The younger, older, and more sensitive you are, the fainter your fingerprints, Lightflower told me in an interview.
But, she continues, “the earlier in life the drugs are begun, the fewer and fainter those traces and markers are likely to be.”
Now it sounded louder as the breeze stirred; now fainter when it shifted, so that a mournful echo only throbbed in my ears.
And then the fainter, final asseverations of the more distant bells—twelve!
fainter and fainter grew the outline of her sails, until at last they were lost to sight altogether.
Another little sigh, fainter than before, followed, and all was still.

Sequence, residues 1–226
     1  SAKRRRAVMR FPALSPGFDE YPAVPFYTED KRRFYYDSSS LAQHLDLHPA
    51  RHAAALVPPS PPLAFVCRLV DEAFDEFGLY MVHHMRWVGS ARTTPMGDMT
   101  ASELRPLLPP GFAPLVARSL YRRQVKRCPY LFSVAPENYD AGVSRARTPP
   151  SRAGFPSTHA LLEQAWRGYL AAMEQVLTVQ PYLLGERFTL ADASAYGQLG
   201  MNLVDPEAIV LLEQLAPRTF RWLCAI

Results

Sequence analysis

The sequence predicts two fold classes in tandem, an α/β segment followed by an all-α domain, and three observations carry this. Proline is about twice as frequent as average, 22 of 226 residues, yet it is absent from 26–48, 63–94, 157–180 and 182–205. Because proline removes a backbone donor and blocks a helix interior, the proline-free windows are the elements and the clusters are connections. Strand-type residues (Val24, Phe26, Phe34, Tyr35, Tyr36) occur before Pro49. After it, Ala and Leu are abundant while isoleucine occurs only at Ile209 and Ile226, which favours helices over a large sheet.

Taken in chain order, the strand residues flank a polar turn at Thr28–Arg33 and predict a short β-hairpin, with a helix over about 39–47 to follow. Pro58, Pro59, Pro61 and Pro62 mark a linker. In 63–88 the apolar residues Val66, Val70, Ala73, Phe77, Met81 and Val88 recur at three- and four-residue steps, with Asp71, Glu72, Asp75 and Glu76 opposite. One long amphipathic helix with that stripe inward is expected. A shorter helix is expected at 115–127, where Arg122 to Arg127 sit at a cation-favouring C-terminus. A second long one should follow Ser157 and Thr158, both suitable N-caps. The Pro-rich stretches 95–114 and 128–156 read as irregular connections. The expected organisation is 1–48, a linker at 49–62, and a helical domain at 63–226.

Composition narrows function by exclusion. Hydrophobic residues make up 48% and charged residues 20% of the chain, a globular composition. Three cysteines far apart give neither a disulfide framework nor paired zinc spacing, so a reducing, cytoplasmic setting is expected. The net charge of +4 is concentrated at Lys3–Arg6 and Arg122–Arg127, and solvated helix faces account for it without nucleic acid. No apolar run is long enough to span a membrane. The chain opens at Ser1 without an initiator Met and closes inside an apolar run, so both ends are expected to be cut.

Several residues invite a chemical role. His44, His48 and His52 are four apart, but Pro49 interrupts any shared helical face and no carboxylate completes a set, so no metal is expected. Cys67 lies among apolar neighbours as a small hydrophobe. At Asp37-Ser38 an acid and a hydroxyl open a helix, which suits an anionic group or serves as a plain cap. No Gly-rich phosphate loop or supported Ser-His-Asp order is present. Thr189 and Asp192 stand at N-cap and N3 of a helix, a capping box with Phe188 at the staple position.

The sound he made, while galloping over the leaves and through the bushes, grew fainter and fainter until it died out altogether.
The sound of her lover's footsteps grew fainter and fainter.
And then another and a fainter light flickered in the hall, and after a few seconds the front-door opened.
It was a fainter voice now, and the color was going up her cheeks.
c.1300, "wanting in courage," now mostly in faint-hearted (mid-15c.), from Old French feint "soft, weak, sluggish," past participle of feindre "hesitate, falter, be indolent, show weakness, avoid one's duty by pretending" (see feign). Sense of "weak, feeble" is early 14c. Meaning "producing a feeble impression upon the senses" is from 1650s.
"grow weak" (c.1300); "lose heart" (mid-14c.); see faint (adj.). Sense of "swoon" is c.1400. Related: Fainted; fainting.
An abrupt, usually brief loss of consciousness; an attack of syncope. adj.
Extremely weak; threatened with syncope.